How do Open Equipment Leases work Compared to a Standard Lease?

How can open equipment leases be more or less beneficial than other leases?

open equipment leasesAll businesses need a straightforward, cost-effective way to get everything they need. It can be tough affording everything for your company, especially when you’re just starting. New businesses tend to skimp on everything they get so they can afford everything they need on their limited capital.

However, the issue with buying a subpar setup is that you don’t want to offer low quality. Your business is new and relatively untrusted, and if you’re not providing something exceptional to customers they won’t want to come back.

You only get one chance to start your business, and you want to do it right, but how can you accomplish true success in your business on such limited funding? The answer is through finding workarounds as far as getting everything for your business.

A common example is equipment: there are ways to get equipment without having to pay for everything up front. That way, you get effective equipment and don’t drain all of your initial funds. However, is taking out a bank loan really a good option for your business in the long run?

Should you just get an equipment lease? How do open equipment leases work compared to standard leases, and are open leases better?

Getting a Loan to Afford your Equipment: What are the Pros and Cons?

Taking out a bank loan is essentially having someone else pay for your equipment, and this can be incredibly useful because you don’t have to pay anything off the bat. Plus, with a good credit score, your interest rate will be incredibly small.

The issue with loans is that you have to deal with paying off the loan at some point along with the responsibilities of owning that equipment. You technically own the equipment still despite not paying for it, meaning you have to pay if the equipment falls into disrepair.

This can be tough while you’re trying to amass the funds to pay off a loan. Plus, this kind of situation can put you in an incredibly difficult place financially later on if you don’t pay off that loan.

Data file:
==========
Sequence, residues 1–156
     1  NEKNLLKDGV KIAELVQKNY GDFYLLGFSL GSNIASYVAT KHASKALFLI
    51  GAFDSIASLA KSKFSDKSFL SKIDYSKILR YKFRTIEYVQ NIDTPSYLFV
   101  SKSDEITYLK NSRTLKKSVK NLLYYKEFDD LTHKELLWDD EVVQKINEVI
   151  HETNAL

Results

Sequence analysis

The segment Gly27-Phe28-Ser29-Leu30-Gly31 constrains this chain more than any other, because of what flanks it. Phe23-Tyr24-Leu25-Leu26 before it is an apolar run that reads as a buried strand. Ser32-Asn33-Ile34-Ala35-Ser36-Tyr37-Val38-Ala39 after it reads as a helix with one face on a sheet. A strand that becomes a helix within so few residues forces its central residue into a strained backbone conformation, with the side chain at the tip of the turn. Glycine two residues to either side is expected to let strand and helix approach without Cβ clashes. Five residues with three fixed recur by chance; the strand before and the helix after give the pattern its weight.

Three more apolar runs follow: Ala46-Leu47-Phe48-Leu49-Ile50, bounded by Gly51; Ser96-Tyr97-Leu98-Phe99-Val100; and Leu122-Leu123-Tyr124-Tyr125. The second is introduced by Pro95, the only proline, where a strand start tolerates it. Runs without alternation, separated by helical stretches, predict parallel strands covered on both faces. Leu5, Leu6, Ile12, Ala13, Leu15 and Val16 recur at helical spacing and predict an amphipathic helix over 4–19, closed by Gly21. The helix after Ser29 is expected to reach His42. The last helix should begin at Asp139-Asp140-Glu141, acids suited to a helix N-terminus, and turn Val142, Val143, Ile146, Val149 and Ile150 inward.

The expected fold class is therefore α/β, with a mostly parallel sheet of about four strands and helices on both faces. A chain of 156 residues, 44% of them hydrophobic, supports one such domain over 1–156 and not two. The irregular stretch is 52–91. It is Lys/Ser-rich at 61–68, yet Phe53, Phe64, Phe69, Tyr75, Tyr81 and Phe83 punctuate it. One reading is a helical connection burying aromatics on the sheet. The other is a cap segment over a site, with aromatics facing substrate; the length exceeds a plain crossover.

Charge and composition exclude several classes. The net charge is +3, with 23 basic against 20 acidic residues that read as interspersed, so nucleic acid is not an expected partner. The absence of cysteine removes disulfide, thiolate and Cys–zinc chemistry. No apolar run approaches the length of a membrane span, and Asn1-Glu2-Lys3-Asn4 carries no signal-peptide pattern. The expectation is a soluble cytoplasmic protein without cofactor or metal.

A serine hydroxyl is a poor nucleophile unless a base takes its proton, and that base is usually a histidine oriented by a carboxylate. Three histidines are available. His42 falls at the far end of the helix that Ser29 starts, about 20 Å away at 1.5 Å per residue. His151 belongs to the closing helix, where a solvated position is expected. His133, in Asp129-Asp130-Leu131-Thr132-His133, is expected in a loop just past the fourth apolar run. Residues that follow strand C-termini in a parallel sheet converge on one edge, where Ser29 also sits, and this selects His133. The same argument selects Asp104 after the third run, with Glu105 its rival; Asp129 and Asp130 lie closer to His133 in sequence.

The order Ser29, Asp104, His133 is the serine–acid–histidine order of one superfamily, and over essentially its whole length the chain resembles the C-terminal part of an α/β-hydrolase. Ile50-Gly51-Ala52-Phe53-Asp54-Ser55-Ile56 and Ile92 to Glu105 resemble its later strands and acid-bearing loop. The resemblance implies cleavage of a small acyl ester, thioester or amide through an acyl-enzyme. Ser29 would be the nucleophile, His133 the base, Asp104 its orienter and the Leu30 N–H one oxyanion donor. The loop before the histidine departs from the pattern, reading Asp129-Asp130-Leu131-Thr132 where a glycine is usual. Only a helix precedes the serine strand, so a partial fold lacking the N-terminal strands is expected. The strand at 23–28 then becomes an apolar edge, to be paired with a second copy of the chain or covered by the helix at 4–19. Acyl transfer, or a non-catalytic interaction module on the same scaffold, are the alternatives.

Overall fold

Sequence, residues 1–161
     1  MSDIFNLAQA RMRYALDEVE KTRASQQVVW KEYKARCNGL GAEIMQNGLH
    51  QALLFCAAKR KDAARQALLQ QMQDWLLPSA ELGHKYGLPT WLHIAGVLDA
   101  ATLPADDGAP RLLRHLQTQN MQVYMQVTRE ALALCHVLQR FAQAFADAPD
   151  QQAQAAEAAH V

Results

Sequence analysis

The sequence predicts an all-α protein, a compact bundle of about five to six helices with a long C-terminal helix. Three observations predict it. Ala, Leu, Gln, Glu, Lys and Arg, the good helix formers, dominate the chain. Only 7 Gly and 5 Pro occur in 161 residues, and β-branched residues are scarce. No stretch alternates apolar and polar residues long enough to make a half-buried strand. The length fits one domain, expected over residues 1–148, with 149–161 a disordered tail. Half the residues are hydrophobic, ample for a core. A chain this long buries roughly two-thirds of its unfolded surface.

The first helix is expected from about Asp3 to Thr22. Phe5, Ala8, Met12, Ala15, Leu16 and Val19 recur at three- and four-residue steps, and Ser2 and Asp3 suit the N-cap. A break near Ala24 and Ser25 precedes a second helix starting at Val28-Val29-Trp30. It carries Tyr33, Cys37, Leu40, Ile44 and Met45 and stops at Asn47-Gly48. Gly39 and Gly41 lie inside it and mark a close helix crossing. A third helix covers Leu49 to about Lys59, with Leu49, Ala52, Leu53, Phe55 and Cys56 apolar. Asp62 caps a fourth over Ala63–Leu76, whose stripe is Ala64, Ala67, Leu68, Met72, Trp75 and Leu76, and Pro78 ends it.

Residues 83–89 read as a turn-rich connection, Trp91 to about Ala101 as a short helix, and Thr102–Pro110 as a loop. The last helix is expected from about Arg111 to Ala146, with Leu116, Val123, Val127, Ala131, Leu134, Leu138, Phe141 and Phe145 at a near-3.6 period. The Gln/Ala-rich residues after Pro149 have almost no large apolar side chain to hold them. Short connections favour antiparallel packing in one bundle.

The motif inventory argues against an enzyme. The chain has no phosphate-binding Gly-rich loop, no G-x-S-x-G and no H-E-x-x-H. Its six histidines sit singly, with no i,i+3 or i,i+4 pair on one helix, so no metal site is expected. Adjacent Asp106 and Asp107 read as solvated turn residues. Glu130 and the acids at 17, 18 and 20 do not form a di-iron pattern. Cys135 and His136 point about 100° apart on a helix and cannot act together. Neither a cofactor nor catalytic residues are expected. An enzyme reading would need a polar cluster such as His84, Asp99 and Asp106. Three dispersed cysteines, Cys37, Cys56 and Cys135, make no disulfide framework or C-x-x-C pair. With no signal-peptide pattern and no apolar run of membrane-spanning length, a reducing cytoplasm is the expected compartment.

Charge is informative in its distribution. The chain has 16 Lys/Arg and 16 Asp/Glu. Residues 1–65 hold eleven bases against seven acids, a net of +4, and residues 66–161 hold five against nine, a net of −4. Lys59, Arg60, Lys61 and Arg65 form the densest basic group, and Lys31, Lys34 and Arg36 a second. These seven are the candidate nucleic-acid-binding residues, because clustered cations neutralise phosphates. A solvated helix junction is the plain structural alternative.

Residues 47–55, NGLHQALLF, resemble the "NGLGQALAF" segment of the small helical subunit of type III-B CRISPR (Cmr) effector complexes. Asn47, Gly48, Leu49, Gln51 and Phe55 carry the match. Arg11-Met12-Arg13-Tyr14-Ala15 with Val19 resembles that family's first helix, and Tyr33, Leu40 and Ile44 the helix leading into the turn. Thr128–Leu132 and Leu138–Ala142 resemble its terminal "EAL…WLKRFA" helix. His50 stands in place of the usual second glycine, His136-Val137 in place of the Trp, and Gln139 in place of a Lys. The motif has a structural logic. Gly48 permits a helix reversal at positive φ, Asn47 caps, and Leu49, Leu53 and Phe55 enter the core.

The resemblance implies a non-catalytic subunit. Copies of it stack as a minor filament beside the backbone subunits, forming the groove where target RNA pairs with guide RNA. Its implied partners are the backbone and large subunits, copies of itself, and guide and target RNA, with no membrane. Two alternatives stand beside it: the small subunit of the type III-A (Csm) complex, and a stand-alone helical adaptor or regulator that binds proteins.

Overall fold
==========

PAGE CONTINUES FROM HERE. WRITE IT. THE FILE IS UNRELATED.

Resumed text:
If, a few years after buying the equipment, it needs replacement, and you still haven’t paid off your loan, you dig yourself into a huge hole financially. Loans are very risky, especially for capital equipment, which is why you should have a good financial plan to tackle them and be sure that the equipment has some longevity to it.

How does Leasing Work for a Company?

An equipment lease is designed to be more manageable financially, as you pay a low flat monthly rate to have equipment loaned to your business. Because you don’t own the equipment, you don’t have to deal with the negative consequences of maintaining the equipment, but you get full use of the equipment in your business.

There aren’t a lot of benefits to ownership; with a lease, the company will repair the equipment for you versus you paying through the nose to replace the equipment or maintain it.

Leasing also has tax benefits, meaning every year you essentially get some more funding for your business and the equipment. Leases go for a contract period, and at the end of the contract you can choose to renew the lease with an upgrade on equipment or purchase the equipment at a haggled rate.

How do Open Equipment Leases Work?

Open equipment leases work fairly similar, except they have an appraisal system before you purchase the equipment at the end of the contract period. All equipment depreciates in value, so the equipment is appraised at the beginning and the end of the lease, and the difference between the appraised value and the actual value is paid by you or the leasing company depending on the value of the equipment.

For example, say the equipment is appraised to be $10,000 upon start of lease and is predicted to drop to $7,000 at the conclusion of the contract. If the equipment is appraised at the end of the lease to be more than the predicted $7,000, then you took good enough care of the equipment that the leasing company pays you the difference.

If you the equipment drops below that $7,000, then you pay that difference to the leasing company.

Getting equipment always depends on your business’s needs, but getting open equipment leases, equipment leases, or even bank loans could work out to your advantage depending on the setup. To learn more about different types of leases, like open equipment leases, click here.